Read what students are saying about the midterm elections

Zherah Collier, 18, is a first year student in the School of International Service at American University. (Riddhi Sarkar / American University)



“I really, honestly, would not let anything stop me from voting, because as a black woman, my community has come so far just to be able to vote.”

-Zherah Collier



Fiona O’Doherty (Shannon Walsh / American University)




“I respect a politician respecting the Presidency, whether or not I like him as a person.”

– Fiona O’Doherty


Erika Parjus (Frederic Marten / American University)






“The political conversation is meant to be progressive and stimulating – not aggressive or unruly.”

– Erika Parjus 





Aaron Misner (Elena Vernikos / American University)






“I believe in exercising my constitutional rights. We have been endowed with an awesome power to elect our representatives and we must use it at all times.”

-Aaron Misner




Annie Salyers, 21, George Washington University (Marley Hambourger / American University)





“[Voting is] a basic, fundamental way in which all citizens, more or less, can get involved in politics, depending on the barriers that are there. It’s one of the few ways in which your voice can be heard and genuinely makes a difference.”

-Annie Salyers


Mahdi Khan (Colby Parkinson / American University)





“I think that it is necessary that women are sort of coming up in politics, and someone has to see and support that. And like it’s not just going to be one person. It’s going to be male and female.”


-Mahdi Khan


Joshua Kam, Junior, SUNY Albany (Christian Paolini / American University)




“Terms like ‘the right side of history’ and things like ‘if you’re not with us you’re somehow inherently jagged as a human being.’ I just don’t like that kind of attitude. It strikes me as deliberate and nasty, you know?”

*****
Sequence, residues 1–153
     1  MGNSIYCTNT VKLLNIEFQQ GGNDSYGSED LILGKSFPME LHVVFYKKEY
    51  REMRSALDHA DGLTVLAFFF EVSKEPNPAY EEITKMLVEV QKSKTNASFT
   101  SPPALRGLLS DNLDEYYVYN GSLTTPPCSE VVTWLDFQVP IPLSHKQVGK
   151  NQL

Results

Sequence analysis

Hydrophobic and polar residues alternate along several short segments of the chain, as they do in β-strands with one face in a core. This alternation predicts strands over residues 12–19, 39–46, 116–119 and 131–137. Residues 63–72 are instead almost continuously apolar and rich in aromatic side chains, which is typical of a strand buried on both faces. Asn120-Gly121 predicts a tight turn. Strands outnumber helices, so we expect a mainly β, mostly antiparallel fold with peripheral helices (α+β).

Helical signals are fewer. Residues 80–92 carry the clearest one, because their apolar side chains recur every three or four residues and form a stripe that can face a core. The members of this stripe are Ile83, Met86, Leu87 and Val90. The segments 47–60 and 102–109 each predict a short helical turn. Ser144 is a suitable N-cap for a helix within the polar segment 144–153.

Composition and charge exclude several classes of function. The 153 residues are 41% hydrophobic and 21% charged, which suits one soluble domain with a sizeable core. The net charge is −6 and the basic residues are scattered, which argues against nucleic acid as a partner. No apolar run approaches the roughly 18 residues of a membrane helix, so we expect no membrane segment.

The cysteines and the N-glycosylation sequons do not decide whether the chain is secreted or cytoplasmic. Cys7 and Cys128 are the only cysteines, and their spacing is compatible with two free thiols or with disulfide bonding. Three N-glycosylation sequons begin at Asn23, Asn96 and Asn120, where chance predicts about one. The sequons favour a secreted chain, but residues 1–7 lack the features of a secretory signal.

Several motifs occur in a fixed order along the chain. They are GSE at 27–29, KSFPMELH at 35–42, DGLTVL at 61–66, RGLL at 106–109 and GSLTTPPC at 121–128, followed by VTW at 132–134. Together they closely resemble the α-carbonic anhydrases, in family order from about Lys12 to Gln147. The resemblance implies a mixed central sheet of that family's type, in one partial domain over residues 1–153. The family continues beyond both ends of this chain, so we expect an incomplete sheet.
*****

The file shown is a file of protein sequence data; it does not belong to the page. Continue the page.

-Joshua Kam



Joe Gallo, 23, graduate of American University (Martha Hague / American University)





“The big issues for me are climate change, gun control. If we devoted the time we spend on Trump’s tweets to fixing climate change and gun control we’d get more done. We let him rent space in our heads.”

-Joe Gallo



Charin Khan, 20, is a public health major at American University. (Cassandra Castro / American University)





“I am voting because it is our civic duty. I think it’s really important because people have fought long and hard to give women the opportunity to vote and I think it’s important that we take advantage of that.”

-Charin Khan





Claire Coen (Rebecca Montgomery / American University)




“I think as a young person it is important to understand, even if you come from a blue state like me, that your voice does matter and that your opinions are heard.”

-Claire Coen



Jack “JJ” Joseph, originally from San Francisco, is a 21-year-old mathematics and art major at George Washington University. (Harrison Allen / American University)






“I vote because I don’t think my voice matters in a lot of ways when it comes to politics, but voting is one way that I can be directly involved in the political process.”

-Jack “JJ” Joseph





Neil Leisenring, 21, is a recent graduate of George Washington University who studied psychology and economics. (Harrison Allen / American University)






“I still feel guilty about not voting in 2016. Since then, I’ve had a reminder on my phone to get my absentee ballot.

-Neil Leisenring






Sidney Larsen (Jacob Wallace / American University)